Primary clinical outcomes among the women were the need for induction of labor and cesarean section. Maternal health status was assessed by means of the Medical Outcomes Study 36-Item Short-Form General Health Survey (SF-36), which assesses eight aspects of health status: general and mental health, physical and social functioning, physical and emotional role, pain, and vitality; scores on each scale can range from 0 (worst) to 100 (best). Maternal psychological outcomes included measures of anxiety, depression, and health-related quality of life. Anxiety was assessed with the use of the short form of the Spielberger State-Trait Anxiety Inventory, a self-rating scale consisting of 6 items (scores below 15 are considered normal). The presence of depression was reflected by a score of more than 12 on the Edinburgh Postnatal Depression Scale. Questionnaires were mailed six weeks after study entry and at three months post partum to 916 women (92 percent of the total) recruited to the study after funding for this assessment became available.
Secondary outcomes among the infants included components of the composite primary outcome, gestational age at birth, birth weight, and other measures of health. Secondary outcomes among the women included the number of prenatal visits to a health professional, the mode of birth, weight gain during pregnancy, the number of antenatal admissions, and the presence or absence of pregnancy-induced hypertension (defined as a blood pressure of at least 140/90 mm Hg on two occasions four or more hours apart) and other complications.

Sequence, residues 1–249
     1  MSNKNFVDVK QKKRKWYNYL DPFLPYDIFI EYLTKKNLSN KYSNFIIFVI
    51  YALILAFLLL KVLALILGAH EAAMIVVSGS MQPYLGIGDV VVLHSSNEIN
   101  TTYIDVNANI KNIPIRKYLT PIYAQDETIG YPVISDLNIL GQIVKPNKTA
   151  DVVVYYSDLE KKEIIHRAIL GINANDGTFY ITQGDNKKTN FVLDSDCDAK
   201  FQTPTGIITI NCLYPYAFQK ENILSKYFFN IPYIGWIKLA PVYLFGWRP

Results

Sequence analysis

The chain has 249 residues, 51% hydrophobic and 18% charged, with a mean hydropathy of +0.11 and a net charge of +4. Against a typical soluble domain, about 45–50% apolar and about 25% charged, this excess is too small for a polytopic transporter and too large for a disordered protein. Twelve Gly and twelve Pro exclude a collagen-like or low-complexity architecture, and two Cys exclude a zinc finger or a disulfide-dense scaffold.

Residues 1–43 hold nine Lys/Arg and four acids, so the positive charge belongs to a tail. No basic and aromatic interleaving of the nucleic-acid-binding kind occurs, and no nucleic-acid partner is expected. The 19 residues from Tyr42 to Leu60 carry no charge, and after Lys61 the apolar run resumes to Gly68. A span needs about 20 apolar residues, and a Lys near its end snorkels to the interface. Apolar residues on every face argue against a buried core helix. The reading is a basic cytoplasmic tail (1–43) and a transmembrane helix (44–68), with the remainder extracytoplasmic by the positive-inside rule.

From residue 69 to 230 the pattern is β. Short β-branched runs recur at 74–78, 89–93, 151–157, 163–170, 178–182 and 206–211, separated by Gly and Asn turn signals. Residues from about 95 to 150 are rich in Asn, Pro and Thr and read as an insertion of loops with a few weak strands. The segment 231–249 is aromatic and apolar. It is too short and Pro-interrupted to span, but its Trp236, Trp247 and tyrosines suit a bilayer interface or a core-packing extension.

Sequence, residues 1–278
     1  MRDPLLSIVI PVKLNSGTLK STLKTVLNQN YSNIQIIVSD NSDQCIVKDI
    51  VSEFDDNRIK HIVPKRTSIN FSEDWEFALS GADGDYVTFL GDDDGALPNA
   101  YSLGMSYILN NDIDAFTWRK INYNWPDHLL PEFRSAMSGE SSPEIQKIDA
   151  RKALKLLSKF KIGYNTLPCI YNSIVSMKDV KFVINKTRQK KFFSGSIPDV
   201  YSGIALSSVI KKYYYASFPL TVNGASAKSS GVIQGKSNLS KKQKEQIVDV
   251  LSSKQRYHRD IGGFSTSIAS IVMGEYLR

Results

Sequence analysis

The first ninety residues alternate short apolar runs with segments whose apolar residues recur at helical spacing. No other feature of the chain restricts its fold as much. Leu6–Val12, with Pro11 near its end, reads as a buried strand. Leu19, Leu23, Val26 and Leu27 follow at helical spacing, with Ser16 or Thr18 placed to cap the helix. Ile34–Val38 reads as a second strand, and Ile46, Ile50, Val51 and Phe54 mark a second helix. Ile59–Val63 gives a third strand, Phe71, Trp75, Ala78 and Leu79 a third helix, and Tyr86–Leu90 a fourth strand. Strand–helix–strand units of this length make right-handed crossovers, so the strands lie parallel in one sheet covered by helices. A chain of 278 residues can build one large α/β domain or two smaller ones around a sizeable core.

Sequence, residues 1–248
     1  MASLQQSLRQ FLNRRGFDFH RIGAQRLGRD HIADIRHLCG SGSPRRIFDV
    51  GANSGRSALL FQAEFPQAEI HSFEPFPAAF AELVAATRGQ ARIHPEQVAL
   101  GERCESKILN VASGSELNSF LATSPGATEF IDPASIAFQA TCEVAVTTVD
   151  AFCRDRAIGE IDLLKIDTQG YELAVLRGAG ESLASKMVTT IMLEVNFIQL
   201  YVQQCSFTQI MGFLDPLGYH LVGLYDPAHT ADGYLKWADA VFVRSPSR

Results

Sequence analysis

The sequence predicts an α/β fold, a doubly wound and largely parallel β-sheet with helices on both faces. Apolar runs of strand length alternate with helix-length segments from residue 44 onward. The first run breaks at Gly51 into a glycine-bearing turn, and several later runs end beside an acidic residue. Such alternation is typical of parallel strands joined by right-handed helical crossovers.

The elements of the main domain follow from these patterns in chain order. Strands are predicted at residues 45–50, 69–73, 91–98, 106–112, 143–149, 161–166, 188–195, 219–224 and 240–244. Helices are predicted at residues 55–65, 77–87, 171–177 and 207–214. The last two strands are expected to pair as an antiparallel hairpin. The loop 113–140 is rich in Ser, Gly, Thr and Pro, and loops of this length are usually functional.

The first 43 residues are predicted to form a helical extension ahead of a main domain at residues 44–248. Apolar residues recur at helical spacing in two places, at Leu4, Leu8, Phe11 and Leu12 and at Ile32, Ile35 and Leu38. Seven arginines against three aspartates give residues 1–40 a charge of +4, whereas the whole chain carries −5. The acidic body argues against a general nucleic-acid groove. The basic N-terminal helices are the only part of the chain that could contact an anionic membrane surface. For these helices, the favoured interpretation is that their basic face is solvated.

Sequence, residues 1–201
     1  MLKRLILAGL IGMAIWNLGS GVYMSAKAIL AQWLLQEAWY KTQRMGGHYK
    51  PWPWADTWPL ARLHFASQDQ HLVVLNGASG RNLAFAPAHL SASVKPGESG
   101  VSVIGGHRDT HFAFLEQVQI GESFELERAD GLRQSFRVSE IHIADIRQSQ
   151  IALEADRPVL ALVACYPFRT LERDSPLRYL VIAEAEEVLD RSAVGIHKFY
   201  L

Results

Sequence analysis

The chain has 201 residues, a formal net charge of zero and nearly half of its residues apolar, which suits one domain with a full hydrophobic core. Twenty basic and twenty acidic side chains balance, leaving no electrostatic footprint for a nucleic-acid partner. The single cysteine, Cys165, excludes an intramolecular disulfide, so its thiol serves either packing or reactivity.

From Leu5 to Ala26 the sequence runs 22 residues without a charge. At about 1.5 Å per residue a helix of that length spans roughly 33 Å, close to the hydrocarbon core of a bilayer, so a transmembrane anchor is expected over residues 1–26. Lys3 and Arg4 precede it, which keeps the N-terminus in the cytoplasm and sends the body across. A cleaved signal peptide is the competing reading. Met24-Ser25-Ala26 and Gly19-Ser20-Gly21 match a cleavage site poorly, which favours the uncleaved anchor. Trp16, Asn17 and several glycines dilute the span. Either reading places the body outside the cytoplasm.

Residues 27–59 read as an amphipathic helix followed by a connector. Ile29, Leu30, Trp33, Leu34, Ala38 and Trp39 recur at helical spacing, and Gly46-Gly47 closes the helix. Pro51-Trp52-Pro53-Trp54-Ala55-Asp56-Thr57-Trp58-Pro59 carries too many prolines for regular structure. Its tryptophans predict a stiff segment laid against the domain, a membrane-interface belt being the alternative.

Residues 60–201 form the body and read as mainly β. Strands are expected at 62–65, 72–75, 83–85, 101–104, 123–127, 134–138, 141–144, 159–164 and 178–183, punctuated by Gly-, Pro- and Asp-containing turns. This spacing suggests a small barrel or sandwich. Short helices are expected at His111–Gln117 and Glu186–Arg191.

Statistical analyses were based on the intention to treat and used SAS software, version 8.2 (SAS Institute). Analyses were adjusted for maternal age, race or ethnic group, and parity. Binary outcomes are presented as relative risks, with 95 percent confidence intervals; the number needed to treat to benefit (i.e., the number of patients who would need to be treated for a benefit in one patient) and the number needed to treat to harm (i.e., the number of patients who would need to be treated for harm to occur in one patient), with their 95 percent confidence intervals, are presented for primary clinical outcomes. Relative risks were calculated with the use of log binomial regression. Continuous variables were analyzed by means of analysis of variance if they were normally distributed and by means of nonparametric tests if their distribution was not normal. The health state utility was calculated from the SF-36 according to the method of Brazier et al. With no evidence of increased variance owing to the small number of twins in the study, no adjustment was made for clustering of babies with the same mothers. A P value of 0.05 was considered to indicate statistical significance; all P values were two-sided. A step-down Sidak adjustment was made for analyses involving multiple primary clinical end points.